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James Dean: Last meal of a legend

Film icon James Dean may have stopped at Tip's Coffee Shop in Santa Clarita Valley on his final day

Posted: March 2, 2009 12:32 a.m.
Updated: March 2, 2009 4:55 a.m.

It was sometime around noon on a Friday when 24-year-old James Dean hopped in his new Porsche 550 Spyder and headed north on the four-lane highway through the Santa Clarita Valley.

He wore a beat-up pair of jeans, a rope for a belt, no laces in his shoes.

Sept. 30, 1955 would be the last day for the actor who had just starred in "East of Eden" and was becoming known as the rebellious twenty-something whom a rising generation could identify with.

He was headed for Salinas to compete in a car race but right around sunset was killed in a head-on collision at a highway junction near Paso Robles.

And a few hours before his death, some believe that Dean stopped in the Santa Clarita Valley for what may have been his last meal.

It has been said that Dean stopped at Tip's Coffee Shop near Castaic, but the lack of hard evidence has kept some local historians from declaring it as fact. On Saturday, the Santa Clarita Valley Historical Society hosted a panel discussion to sort it all out.

"What if he didn't?" said Leon Worden, past president of the historical society. "We have not yet proved that James Dean stopped in Santa Clarita on the day he died. We need to put an asterisk by it until we prove it."

Former Signal Publisher Tony Newhall said he interviewed waitresses and a former manager of Tip's Coffee Shop in 1985 and believes Dean did stop in the Santa Clarita Valley.

"She confirmed everything. She said, yes, James Dean did stop there on his last day," Newhall said. "(She said) ‘He sat at the counter. We all recognized him. I believe he ordered breakfast."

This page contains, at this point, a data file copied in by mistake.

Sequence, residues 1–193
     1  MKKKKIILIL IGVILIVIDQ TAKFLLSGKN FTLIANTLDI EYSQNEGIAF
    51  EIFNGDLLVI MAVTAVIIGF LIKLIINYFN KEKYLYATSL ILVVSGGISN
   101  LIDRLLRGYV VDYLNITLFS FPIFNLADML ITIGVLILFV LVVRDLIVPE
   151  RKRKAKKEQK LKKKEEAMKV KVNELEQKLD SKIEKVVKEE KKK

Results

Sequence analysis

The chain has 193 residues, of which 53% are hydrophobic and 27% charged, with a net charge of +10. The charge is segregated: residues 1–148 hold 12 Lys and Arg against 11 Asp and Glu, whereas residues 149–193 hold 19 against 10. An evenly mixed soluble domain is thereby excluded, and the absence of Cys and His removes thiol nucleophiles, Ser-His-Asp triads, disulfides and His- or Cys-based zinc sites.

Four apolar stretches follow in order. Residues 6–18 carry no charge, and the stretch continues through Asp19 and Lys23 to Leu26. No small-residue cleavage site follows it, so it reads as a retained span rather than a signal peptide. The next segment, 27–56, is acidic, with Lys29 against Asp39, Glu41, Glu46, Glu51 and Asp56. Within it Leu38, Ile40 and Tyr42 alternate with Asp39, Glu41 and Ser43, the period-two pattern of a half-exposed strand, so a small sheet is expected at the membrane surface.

Newhall said a former waitress confirmed that police officers later questioned restaurant workers to determine what time Dean stopped by because they were trying to calculate how fast Dean may have been traveling.

"The one thing that leads me to believe is not only this personal testimony, but that Tip's has never tried to capitalize on this famous stop," Newhall said. "They've kind of swept it under the rug, which makes me believe that it probably did happen."

The other panelists, which included authors and documentary filmmakers, said it has been written in books and magazines that Dean stopped in the Santa Clarita Valley. But no one has come forward with hard proof.

"I always took it to be true," said Chris Epting, author of "James Dean Died Here: The Locations of America's Pop Culture Landmarks."

"My one question is why there isn't at least one photo because a stop like that would have provided a great photo-op."

Though Dean has become a historic American icon, he starred in only three films, one of which was released after his death. It wasn't until after his death that he became a true Hollywood legend, panelists said.

"He died very young, but he was frozen in time," said filmmaker Jack Tucker. "He'll always be 24 years old - forever young."

"He's so beautifully preserved," said Epting. "He never had a chance to falter."

Ron Nelson, the California Highway Patrol officer who responded to the crash more than 50 years ago, said Saturday that at the time, he didn't know who James Dean was since he wasn't quite a household name.

"I thought he was the sausage man," he said.

Dean was stopped on the north side of the Grapevine that afternoon for speeding, but Nelson said there's no proof that speed was the cause of the crash.

Canyon Country resident Joe Montgomery, 77, was about the same age as Dean and became an instant fan when he saw Dean on the big screen.

"He mimicked me without knowing it," Montgomery said at Saturday's event, where more than one Dean look-alike sported slick hair, jeans and the red jacket that became iconic in "Rebel Without a Cause."

"I had the duck-tail haircut at the time, and wore the red jacket, although mine was suede. I was the guy who wore sunglasses at night," he said. "When he came on the screen, I said, ‘Yeah, hey, I dig him.'"


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